Lowering the dose of renin-angiotensin-aldosterone system inhibitors (RAASi) to prevent hyperkalemia may increase the risk for major adverse cardiovascular events (MACE) among patients with chronic kidney disease (CKD) and heart failure, according to new research published in the Journal of the American Heart Association.
Cecilia Linde, MD, PhD, of Karolinska University Hospital in Sweden, and colleagues conducted a real-world analysis of 100,572 patients with new-onset CKD stage 3 to 5 (not on dialysis) and 13,113 patients with new-onset heart failure from the United Kingdom’s Clinical Practice Research Datalink and Hospital Episode Statistics databases. Angiotensin-converting enzyme inhibitors (ACEis) were the most commonly prescribed RAASi among patients with CKD (76.4%) and heart failure (73.5%). Angiotensin receptor blockers (ARBs) were more frequently prescribed in CKD than heart failure (32.1% vs 25.1%), whereas the reverse was observed for mineralocorticoid receptor antagonists (MRAs; 9.6% vs 43.0%).
RAASi dosing was based on the 2016 European Society of Cardiology (ESC) guidelines for the treatment of heart failure. Clinicians commonly underprescribed RAASi, especially after hyperkalemia episodes. CKD and heart failure patients with serum potassium levels of 5.0 mmol/L or higher had a 79% and 33% higher risk of RAASi down-titration, respectively, than normokalemic patients.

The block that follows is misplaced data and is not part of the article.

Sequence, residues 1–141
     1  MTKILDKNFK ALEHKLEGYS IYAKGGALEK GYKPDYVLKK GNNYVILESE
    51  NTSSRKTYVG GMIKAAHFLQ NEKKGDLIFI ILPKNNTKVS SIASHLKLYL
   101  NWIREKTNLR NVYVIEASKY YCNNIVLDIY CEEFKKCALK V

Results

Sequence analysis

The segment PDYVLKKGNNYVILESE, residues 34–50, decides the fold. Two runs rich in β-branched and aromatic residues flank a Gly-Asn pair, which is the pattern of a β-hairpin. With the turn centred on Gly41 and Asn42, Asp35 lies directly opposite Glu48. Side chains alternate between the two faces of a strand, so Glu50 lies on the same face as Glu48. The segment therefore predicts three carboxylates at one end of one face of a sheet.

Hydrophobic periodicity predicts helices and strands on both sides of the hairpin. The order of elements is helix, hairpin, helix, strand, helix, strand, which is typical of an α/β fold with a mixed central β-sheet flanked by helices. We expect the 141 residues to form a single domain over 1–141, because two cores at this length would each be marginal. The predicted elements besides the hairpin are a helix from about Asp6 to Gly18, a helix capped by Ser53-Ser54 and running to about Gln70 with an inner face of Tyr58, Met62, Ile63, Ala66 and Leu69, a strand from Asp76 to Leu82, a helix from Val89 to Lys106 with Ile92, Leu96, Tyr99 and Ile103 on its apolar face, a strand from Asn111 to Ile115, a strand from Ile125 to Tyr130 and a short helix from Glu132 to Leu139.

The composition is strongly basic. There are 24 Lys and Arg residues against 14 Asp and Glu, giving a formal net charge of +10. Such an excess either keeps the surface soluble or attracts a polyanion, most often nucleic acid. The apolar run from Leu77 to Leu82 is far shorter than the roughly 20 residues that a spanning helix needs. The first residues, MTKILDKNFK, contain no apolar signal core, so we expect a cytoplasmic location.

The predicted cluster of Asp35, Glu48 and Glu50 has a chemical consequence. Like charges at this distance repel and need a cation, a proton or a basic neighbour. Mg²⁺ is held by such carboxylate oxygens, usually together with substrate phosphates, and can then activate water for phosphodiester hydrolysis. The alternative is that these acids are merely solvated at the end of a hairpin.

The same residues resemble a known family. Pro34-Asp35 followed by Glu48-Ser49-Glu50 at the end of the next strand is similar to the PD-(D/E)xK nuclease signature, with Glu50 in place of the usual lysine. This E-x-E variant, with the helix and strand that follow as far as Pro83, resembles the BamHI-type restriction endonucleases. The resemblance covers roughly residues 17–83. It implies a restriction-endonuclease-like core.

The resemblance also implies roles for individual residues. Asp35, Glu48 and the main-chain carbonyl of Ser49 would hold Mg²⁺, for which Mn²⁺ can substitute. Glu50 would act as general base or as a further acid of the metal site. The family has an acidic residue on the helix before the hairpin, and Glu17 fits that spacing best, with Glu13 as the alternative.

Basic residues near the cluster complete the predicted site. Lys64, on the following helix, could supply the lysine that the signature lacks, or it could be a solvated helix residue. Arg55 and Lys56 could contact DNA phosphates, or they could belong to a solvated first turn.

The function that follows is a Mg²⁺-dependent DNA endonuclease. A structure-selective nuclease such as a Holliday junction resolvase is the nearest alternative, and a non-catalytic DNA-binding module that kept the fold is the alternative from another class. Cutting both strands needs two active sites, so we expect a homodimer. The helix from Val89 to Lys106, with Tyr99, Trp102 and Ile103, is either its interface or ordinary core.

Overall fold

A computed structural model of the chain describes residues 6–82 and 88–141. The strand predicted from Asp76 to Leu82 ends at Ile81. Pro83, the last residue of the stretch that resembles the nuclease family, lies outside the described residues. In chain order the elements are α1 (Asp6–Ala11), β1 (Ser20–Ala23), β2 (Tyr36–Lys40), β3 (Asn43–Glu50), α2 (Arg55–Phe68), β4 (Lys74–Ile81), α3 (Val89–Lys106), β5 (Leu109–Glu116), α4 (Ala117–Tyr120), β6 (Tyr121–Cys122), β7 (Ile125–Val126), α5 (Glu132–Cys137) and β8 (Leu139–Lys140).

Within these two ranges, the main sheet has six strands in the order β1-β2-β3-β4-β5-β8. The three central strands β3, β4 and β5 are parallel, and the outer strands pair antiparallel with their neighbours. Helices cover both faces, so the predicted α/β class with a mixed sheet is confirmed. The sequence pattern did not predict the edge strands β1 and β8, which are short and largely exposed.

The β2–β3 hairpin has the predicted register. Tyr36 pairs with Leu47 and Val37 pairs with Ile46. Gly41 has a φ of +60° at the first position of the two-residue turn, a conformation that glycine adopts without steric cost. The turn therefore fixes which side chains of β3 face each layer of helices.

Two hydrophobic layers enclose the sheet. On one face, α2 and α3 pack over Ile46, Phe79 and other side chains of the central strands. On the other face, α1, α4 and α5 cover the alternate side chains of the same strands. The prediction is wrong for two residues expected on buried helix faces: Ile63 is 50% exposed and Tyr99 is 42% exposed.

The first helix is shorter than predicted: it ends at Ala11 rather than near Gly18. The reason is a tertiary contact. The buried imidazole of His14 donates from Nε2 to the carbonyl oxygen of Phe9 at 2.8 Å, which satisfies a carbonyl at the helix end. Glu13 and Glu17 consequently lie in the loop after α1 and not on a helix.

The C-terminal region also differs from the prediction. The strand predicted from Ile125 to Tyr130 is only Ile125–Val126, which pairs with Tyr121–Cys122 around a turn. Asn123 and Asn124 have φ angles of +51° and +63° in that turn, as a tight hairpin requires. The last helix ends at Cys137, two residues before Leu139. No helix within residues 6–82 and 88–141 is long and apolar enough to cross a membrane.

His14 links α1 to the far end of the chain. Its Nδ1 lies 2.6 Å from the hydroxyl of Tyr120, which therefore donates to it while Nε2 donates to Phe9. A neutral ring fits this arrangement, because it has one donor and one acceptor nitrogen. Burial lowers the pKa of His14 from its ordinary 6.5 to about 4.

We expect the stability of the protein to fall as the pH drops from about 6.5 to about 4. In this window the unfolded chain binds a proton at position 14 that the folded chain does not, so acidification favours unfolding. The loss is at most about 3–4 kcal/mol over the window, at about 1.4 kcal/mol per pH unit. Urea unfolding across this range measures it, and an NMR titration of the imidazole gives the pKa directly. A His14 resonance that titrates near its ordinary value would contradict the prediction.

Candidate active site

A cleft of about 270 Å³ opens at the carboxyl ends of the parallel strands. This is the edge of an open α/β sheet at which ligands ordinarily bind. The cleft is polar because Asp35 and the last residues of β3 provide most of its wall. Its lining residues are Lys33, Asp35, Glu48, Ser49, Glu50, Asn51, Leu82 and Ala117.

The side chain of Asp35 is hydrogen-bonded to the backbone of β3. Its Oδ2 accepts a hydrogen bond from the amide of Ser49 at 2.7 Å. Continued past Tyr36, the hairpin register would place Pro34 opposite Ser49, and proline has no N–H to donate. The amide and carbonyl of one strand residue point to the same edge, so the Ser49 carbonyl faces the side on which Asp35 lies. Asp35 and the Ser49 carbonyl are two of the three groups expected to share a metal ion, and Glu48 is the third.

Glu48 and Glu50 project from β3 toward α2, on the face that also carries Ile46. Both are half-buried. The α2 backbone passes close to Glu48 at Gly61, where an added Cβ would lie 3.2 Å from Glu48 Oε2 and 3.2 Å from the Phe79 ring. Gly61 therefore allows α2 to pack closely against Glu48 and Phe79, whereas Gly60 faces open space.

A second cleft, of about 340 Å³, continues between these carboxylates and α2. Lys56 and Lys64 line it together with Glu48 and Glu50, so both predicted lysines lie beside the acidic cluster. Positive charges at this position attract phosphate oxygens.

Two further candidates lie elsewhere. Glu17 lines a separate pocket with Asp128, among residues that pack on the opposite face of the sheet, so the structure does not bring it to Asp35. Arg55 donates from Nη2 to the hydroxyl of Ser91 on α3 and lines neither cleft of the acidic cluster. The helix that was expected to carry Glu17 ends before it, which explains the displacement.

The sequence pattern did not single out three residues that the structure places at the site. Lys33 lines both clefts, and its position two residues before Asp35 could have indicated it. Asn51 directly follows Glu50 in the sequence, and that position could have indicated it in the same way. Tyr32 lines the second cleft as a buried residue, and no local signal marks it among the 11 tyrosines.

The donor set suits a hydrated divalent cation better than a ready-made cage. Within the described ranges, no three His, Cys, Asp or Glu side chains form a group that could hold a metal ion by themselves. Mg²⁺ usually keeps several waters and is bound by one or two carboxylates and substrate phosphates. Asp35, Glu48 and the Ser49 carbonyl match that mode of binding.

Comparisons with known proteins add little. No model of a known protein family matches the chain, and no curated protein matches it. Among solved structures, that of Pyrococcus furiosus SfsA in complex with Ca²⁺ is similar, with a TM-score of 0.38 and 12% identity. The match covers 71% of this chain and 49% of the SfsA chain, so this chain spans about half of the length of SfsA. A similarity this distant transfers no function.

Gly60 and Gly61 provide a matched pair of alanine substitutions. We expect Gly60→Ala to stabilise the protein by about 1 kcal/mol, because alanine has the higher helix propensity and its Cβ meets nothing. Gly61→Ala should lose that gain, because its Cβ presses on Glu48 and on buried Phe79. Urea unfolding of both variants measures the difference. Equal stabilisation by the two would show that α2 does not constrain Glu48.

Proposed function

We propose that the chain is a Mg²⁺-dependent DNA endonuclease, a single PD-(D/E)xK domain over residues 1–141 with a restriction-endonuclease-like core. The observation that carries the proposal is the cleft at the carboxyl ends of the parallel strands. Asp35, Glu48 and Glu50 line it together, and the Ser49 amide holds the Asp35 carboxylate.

In addition, 41.8% of RAASi prescriptions for CKD patients and 36.5% for heart failure patients were for less than 50% of the ESC guideline-recommended dose. Importantly, CKD patients receiving a lower dose had a 5.6-fold higher risk for death and a 1.6-fold higher risk for MACE compared with patients receiving 50% or more of the recommended dose. Heart failure patients with a lower dose also had a 7.3- and 1.9-fold higher risk for death and MACE, respectively.
“Results of this study emphasize the potential negative impact of suboptimal RAASi dosing and, consequently, the need for strategies that allow patients to be maintained on appropriate therapy, avoiding RAASi dose modification or discontinuation,” Dr Linde’s team wrote. “We propose that European Society of Cardiology-recommended RAASi doses for patients with heart failure may be generalizable to chronic kidney disease patients in the absence of chronic kidney disease-specific recommendations.”
This study was funded by AstraZeneca.
Linde C, Bakhai A, Furuland H, et al. Real-world associations of renin–angiotensin–aldosterone system inhibitor dose, hyperkalemia, and adverse clinical outcomes in a cohort of patients with new-onset chronic kidney disease or heart failure in the United Kingdom. J Am Heart Assoc. 2019;8:e012655. doi:10.1161/JAHA.119.012655